Category Archives: Fire

First Female Deputy Fire Chief To Retire

by Categorized: Fire Date:

Carol L. Stiles, Hartford’s first female deputy fire chief, is retiring. Her last day is Monday, Chief Carlos Huertas said.

Stiles has been with the department for more than 27 years. In 2007, the Jacksonville, Fla., native, who grew up in Winsted and Enfield, earned the historic distinction of being the first female deputy chief in the fire department’s 218-year history.

At the time, she was one of only 11 female firefighters in a 305-member department.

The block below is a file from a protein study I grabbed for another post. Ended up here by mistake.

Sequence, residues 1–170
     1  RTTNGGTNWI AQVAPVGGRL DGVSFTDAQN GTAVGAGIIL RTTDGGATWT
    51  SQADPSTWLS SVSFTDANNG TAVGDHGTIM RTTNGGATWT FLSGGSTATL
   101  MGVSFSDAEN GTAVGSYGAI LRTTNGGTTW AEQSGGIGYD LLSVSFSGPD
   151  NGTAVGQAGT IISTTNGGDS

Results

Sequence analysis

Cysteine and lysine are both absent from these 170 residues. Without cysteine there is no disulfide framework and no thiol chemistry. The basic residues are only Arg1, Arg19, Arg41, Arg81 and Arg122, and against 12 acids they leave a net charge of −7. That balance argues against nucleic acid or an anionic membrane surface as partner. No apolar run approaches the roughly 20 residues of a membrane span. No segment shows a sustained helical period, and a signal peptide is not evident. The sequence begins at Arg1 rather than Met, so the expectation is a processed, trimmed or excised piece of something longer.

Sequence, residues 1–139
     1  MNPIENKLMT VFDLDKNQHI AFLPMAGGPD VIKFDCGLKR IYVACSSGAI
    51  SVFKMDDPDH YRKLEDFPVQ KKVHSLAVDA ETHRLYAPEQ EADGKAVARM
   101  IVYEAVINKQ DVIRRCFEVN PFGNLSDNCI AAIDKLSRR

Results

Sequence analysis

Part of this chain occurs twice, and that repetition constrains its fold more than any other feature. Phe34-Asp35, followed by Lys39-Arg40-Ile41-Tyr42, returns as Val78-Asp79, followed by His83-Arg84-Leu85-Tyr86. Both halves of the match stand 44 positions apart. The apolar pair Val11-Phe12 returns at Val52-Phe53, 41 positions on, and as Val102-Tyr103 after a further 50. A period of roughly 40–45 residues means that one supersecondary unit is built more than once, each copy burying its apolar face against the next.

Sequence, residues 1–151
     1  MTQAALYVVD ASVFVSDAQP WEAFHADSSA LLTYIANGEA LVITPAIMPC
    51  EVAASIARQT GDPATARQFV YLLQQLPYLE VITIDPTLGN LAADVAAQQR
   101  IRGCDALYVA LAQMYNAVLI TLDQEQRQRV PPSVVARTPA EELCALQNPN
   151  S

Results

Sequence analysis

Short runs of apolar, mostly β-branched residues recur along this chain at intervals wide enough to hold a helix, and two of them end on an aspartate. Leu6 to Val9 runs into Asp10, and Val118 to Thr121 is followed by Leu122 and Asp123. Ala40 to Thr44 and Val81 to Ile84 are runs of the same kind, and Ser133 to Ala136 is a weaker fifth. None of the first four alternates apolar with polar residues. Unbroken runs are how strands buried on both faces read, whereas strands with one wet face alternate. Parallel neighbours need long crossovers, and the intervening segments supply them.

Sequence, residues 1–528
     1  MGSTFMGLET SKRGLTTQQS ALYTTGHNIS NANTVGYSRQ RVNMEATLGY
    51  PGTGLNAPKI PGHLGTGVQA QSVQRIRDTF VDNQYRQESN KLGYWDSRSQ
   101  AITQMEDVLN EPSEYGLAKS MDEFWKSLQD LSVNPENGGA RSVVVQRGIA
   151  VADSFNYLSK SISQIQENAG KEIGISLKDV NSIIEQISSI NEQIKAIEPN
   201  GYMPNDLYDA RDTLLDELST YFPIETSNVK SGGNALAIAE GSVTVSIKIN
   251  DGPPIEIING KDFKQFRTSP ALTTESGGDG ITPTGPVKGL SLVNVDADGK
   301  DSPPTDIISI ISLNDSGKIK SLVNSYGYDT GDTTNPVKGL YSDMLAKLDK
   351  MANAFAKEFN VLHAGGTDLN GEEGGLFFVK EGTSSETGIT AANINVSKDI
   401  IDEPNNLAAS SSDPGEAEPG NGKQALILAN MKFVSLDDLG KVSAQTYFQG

Hartford Fire Inspector Greg Sargis, left, and Kevin Sullivan, right, speak with Carol Stiles, center, after her promotion to deputy chief of the Hartford Fire Department on May 14, 2007. Photo by Ross Taylor.

Hartford Fire Inspector Greg Sargis (left) and Kevin Sullivan (right) speak with Carol Stiles (center) after her promotion to deputy chief of the Hartford Fire Department on May 14, 2007. Photo by Ross Taylor.

“She’s a credit to the department and a pathfinder as far as women in the fire service,” Huertas said Monday. “She’s a dedicated, firefighter pioneer. We’re going to deeply miss her expertise.”

Former Fire Chief Charles A. Teale Sr. told The Courant in 2007 that Stiles exhibited a “degree of excellence under the most trying circumstances.”

During her time with the department, Stiles gained a reputation as a dependable firefighter and a certified paramedic who wasn’t afraid to answer the tough calls.